Neonatal death information and support

When a baby dies within the first 28 days of life this is called a ‘neonatal death’. Find out why some babies die, understand the grieving process and the practical things you might need to think about after the loss of a baby.

What is a neonatal death?

If a baby dies within the first 28 days after they’re born, it is known as a neonatal death.

If a baby dies after 24 weeks of pregnancy, but before they’re born, it is known as a stillbirth. We have support and advice about stillbirth here.

Why do babies die?

After the loss of a baby, it is natural to want answers about why it happened.

Sometimes the answer is clear, and other times a doctor or coroner will need to run tests or do a post-mortem to find out what happened and why. Sometimes they may not be able to find out why.

Common causes of neonatal death

Most neonatal deaths are linked to premature birth, because when babies are born too soon or too small they are more at risk of infection and other serious health problems. However, there are reasons why a baby may not survive, even if they were born at full-term, including:

  • genetic disorders
  • complications during or after birth
  • infections.

Support after your baby dies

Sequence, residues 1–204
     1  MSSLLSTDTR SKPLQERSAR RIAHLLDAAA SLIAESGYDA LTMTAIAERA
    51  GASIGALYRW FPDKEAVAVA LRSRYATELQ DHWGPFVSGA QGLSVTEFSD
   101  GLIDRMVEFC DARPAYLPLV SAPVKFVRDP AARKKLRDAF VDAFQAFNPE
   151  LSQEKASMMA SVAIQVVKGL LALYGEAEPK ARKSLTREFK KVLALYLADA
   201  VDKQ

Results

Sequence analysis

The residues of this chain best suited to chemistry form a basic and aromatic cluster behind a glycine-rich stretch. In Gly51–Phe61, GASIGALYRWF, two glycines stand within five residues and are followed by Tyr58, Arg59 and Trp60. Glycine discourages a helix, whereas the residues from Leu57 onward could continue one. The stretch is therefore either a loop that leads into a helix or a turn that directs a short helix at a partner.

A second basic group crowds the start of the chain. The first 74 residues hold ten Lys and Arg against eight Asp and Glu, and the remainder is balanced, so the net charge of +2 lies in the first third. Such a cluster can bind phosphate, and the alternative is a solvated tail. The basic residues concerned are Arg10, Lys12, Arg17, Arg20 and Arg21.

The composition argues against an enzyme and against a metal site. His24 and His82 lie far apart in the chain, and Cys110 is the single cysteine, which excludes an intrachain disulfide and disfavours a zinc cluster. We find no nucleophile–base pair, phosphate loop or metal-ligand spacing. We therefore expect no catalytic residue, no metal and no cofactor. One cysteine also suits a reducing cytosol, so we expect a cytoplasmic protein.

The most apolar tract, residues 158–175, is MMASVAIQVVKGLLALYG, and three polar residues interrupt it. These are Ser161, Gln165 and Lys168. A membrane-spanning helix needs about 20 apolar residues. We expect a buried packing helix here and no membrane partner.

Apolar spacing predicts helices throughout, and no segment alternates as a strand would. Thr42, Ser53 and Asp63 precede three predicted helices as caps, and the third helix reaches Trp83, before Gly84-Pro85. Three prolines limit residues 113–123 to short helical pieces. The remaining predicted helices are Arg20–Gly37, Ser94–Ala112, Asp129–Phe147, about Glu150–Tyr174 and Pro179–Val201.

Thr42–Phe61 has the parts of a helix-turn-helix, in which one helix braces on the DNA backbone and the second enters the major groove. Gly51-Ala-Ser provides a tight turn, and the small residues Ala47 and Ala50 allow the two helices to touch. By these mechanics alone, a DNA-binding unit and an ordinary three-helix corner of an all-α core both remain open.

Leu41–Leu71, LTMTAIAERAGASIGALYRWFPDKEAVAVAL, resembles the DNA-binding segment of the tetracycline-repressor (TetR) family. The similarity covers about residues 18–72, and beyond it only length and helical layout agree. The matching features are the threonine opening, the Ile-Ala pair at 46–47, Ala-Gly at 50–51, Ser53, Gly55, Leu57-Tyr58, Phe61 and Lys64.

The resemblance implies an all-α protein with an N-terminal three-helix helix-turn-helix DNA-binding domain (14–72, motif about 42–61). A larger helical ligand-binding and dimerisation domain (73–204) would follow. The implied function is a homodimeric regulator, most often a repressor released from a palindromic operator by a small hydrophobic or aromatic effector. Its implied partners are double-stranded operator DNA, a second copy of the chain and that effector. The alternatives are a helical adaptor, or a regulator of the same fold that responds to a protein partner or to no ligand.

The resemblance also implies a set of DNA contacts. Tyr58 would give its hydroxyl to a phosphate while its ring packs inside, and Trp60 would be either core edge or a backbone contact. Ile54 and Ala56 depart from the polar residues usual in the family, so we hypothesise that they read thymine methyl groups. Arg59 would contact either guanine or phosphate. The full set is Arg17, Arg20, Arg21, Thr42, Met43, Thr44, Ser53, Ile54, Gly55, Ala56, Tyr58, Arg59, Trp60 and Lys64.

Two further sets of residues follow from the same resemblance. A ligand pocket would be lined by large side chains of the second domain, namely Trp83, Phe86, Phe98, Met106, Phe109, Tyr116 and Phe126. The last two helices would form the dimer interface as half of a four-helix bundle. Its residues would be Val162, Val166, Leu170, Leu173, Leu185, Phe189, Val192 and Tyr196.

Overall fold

The loss of a baby is devastating. We’re here to offer emotional and practical support to parents and families who are going through this experience.

Emotional support for parents after neonatal loss

If you want to talk to a professional about how you’re feeling, our team of expert midwives are available via the Tommy’s advice line on 0800 0147 800, 9am-5pm. If you’re not ready to talk, we have some information that might help:

Emotional support for others after a baby dies

Family, friends and colleagues of those who lost a baby can find it difficult to know what to say or how to help, while also coping with their own grief. Here’s some advice that could help:

Practical support for parents who have lost a baby

As well as managing your emotions in the early days and weeks after loss, you will have decisions and arrangements to make. It is an overwhelming time, but hopefully this practical advice will help guide you through it:

Peer support

A very supportive community has built up over the last few years around pregnancy loss. There are several online communities supporting those who have gone through baby loss or preterm birth. All write movingly about their experiences of loss, life after loss and, in some cases, pregnancy and pregnancy/parenting after loss.

"When my son was stillborn, I couldn’t find anything to read about the mum’s personal experiences and what to expect... I needed something real, something I could relate to." Hannah Pontillo

Pregnancy and parenting after neonatal loss

Pregnancy following the loss of a baby is likely to be an anxious time for both parents. You should have additional support from your healthcare team. Find out what to expect and how to take extra care of yourself:

About Tommy’s

There is still a lack of research into the causes of pregnancy complications and loss, and that is why our charity funds research into the causes of neonatal death, stillbirth, miscarriage and premature birth.

  • UNICEF (2017). ‘Child Mortality Estimates – Global and regional child deaths by cause’. Download from – referencing the UK data
  • NHS Choices [accessed 04/10/2018] Neonatal mortality and stillbirths,